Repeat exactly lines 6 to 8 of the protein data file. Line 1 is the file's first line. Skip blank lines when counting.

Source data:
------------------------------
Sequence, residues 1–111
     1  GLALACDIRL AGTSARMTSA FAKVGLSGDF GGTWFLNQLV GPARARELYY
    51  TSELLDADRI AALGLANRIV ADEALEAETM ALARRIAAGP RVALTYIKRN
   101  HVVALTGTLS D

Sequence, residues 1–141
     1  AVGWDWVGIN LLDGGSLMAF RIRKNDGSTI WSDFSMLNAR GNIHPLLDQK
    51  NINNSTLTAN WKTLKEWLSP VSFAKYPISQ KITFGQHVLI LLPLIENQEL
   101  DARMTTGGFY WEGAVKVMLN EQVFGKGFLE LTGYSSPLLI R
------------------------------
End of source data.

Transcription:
     1  AVGWDWVGIN LLDGGSLMAF RIRKNDGSTI WSDFSMLNAR GNIHPLLDQK
    51  NINNSTLTAN WKTLKEWLSP VSFAKYPISQ KITFGQHVLI LLPLIENQEL
   101  DARMTTGGFY WEGAVKVMLN EQVFGKGFLE LTGYSSPLLI R